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Can seaweeds be the answer to our most pressing environmental problems?

Updated: Jan 1, 2023

Research shows that seaweed could play a crucial role beyond serving as a source of nutrients and food, but also in the fight against some of the worst issues plaguing our world today: climate change and ocean pollution.

Here are some of the sustainable characteristics of seaweeds:

  1. Easy to grow and cultivate. Seaweed doesn’t need to be fed or fertilized, as the crop gets everything it needs from sunlight and the natural nutrients already found in the ocean water. That means there are no synthetic pesticides, freshwater, or deforestation going into the process, all while providing habitats for local marine life and improving water quality.

  2. Absorbs carbon emissions. Macroalgae have the ability to sequester carbon just like other coastal plants, such as mangroves and seagrass, but with a sustainable twist. Instead of storing CO2 close to shore as the organic materials become buried in underwater soil, seaweed is more likely to move farther into deep-sea sediments since its habitat is more rocky and eroded. Seaweed can also help reduce greenhouse gas emissions in other ways: adding a small amount of Asparagopsis taxiformis—a red algal species—to cattle feed has the potential to reduce methane production from beef cattle by up to 99%.

  3. Combatting Ocean Acidification. The ocean is one of the world's largest carbon sinks, absorbing and storing carbon chemical compounds to lower high concentrations of CO2 from the atmosphere. Seaweed isn’t just good at sucking up carbon dioxide, it also acts as a sponge for heavy metals and other coastal pollutants (like those from runoff).

  4. Natural soil nutrients. Regeneration of soil in areas that had been dependent on chemical fertilizers. Seaweed-based natural fertilizer provides plants with potassium, zinc, iron, magnesium, and nitrogen and while its nitrogen content is low, it could be supplemented from other sources.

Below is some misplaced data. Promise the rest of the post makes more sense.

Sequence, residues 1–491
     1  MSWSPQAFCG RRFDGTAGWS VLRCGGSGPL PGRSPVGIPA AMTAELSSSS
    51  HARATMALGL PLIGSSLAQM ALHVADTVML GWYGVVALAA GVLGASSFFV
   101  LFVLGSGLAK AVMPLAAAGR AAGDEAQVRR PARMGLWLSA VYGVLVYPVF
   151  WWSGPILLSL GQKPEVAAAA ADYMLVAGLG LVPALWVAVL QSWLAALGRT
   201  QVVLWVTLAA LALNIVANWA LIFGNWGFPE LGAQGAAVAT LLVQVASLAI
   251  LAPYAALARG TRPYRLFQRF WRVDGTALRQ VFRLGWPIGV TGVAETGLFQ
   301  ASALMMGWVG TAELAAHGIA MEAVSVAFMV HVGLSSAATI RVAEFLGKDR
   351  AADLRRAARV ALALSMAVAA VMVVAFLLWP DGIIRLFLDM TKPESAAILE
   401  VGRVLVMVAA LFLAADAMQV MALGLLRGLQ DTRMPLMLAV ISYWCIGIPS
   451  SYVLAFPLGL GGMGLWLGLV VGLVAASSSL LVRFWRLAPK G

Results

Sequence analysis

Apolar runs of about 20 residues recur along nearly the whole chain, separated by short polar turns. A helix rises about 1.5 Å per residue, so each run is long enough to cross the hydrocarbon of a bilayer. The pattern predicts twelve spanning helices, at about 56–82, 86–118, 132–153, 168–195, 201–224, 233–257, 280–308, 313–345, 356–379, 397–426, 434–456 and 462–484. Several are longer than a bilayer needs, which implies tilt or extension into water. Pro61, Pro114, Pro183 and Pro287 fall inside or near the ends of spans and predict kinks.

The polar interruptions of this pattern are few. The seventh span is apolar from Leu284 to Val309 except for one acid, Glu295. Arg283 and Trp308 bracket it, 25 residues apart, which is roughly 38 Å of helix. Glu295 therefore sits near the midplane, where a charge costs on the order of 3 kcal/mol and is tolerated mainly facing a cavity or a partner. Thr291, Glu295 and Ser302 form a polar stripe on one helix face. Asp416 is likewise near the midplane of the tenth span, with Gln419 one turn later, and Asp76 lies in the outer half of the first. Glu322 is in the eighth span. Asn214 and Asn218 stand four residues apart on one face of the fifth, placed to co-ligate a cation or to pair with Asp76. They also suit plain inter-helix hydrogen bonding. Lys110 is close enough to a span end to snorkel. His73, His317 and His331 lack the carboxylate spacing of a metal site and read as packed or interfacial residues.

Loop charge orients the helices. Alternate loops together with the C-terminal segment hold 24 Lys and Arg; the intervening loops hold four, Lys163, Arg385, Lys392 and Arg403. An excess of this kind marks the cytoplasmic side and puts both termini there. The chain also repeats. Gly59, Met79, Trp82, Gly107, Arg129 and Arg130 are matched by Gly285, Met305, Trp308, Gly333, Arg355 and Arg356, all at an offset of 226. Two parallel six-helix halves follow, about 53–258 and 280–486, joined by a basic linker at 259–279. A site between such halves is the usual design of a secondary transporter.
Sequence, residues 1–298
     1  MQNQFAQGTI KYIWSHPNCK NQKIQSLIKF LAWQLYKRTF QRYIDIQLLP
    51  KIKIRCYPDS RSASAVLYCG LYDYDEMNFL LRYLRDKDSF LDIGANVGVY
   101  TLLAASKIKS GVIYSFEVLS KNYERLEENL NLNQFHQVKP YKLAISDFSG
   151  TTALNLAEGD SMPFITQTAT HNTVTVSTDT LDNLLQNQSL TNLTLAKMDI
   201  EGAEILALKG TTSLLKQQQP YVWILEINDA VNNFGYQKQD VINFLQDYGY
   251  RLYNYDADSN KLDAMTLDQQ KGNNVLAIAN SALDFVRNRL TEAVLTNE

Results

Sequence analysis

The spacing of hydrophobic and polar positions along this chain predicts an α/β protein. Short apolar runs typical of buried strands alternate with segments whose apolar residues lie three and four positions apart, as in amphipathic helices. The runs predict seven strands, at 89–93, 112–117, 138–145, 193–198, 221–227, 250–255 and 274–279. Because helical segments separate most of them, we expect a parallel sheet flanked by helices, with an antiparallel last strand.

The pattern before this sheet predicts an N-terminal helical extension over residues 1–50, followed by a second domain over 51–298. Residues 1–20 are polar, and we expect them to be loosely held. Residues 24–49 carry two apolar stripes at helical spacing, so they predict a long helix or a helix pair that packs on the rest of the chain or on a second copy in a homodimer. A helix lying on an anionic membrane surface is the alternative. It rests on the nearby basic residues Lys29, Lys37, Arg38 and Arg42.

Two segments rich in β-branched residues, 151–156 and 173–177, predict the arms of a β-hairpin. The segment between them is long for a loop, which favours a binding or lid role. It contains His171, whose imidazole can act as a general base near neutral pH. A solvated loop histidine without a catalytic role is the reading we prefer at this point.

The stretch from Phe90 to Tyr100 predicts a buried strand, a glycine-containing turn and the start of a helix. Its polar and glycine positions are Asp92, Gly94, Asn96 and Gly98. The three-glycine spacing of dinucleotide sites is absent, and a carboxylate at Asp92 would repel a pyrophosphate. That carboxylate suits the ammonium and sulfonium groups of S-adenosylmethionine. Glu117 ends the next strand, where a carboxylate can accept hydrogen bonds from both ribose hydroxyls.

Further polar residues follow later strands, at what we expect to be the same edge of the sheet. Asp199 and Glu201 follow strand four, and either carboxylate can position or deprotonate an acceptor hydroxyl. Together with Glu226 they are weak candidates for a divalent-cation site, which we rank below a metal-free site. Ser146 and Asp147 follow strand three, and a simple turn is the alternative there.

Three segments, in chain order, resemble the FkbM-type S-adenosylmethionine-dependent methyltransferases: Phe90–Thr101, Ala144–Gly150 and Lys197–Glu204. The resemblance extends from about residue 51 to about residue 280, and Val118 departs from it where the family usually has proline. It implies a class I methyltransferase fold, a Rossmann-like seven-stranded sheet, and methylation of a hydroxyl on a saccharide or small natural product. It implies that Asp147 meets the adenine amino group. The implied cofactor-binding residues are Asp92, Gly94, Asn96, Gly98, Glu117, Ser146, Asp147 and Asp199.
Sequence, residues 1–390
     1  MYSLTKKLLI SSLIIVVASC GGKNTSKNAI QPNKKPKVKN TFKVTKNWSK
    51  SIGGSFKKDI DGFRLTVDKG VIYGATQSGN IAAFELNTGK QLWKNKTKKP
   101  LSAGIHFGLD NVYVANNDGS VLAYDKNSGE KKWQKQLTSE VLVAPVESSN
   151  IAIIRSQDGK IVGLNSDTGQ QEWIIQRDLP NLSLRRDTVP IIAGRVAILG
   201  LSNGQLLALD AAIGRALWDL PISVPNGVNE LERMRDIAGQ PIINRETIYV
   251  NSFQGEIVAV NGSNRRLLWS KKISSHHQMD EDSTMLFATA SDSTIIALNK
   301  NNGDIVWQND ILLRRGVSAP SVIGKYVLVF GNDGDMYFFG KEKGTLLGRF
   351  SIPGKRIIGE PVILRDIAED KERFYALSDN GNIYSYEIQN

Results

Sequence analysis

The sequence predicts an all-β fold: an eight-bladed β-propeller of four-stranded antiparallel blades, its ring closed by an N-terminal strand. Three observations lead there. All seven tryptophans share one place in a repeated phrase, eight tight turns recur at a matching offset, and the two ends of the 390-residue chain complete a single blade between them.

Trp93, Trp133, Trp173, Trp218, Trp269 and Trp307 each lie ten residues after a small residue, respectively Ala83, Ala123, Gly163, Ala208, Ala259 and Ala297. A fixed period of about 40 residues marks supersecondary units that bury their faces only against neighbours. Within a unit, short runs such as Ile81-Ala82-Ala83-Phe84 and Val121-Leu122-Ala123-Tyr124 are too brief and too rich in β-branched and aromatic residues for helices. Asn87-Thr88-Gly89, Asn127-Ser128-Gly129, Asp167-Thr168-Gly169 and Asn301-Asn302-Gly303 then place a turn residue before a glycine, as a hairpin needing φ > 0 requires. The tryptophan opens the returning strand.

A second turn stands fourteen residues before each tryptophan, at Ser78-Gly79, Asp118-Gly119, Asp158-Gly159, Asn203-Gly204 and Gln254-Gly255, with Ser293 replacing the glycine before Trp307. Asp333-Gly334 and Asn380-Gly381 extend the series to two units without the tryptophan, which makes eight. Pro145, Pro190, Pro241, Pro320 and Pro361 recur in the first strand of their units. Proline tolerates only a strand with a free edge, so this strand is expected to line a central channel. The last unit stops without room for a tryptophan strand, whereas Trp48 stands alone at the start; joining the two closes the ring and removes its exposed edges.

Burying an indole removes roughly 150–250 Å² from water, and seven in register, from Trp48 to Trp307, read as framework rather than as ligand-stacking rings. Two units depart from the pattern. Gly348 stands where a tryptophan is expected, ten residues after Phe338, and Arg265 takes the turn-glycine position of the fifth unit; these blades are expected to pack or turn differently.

5. 100% compostable packaging material. It provides plastic alternative packaging material that is not harmful to all living creatures on this planet.

Speaking of packaging material, in the Philippines, the Design Center of the Philippines, a government agency under the Department of Trade and Industry whose aim is to promote design as a creative tool for improving the quality and competitiveness, and branding of Filipino products in the global market, was working with Cerana Farms, a seaweed farm in Masinloc, Zambales, to develop a packaging solution made out of seaweed. It was featured on this video under Magsasaka TV on Youtube back in 2019. 

It's no surprise that the worldwide seaweed farming market is expected to develop at an exponential rate ($6 billion in 2019). The Philippines ranked third behind China and Indonesia with 1.49 million metric tons of seaweed harvested annually.

The increased demand for seaweeds could mean supporting more jobs and more income opportunities for the agri-fisheries sector while creating better global food security while helping restore our environment in the long run.

We look forward to hearing more from companies such as NotPla, a sustainable packaging start-up based in London, that has designed a packaging material made from seaweed and plants that disappear naturally and biodegrade in weeks. Which is an amazing solution to reduce plastic waste!

There are, of course, some risks to seaweed farming. Large-scale cultivation could have negative ecological effects and change marine habitats if it isn't done carefully. Unregulated or overproducing seaweed could affect the amount of natural light available to other sea-dwelling species that rely on photosynthesis.

However, as research continues to delve into responsible seaweed cultivation as an answer to one of our most pressing environmental issues, we may discover that macroalgae’s wide range of applications exceeds any obstacles.

That is why seaweed associations such as GreenWave, reach out to seaweed farmers and provide education on successful seaweed farming techniques.

The balance will come down to a combination of policy, entrepreneurship, and scientific research, but the collaboration is a noble one, as the investment could provide a substantial opportunity to mitigate climate change and help save our oceans.

“When you look at how we are going to feed the world population by 2050 in a way that doesn’t harm the environment, there is only one pathway,” says Carlos Duarte, a researcher and professor in biological oceanography and marine ecology. “To scale up seaweed farming.”

Can seaweed help solve the world’s plastic problem (January 4, 2022) -

Seaweed Farming: Could This Carbon-Negative Crop Help Restore Our Oceans? (August 18, 2021) - 

Seaweed Farming in the Philippines (October 7, 2020) -

The Ocean Farmers Trying to Save the World With Seaweed (September 4, 2020) - 

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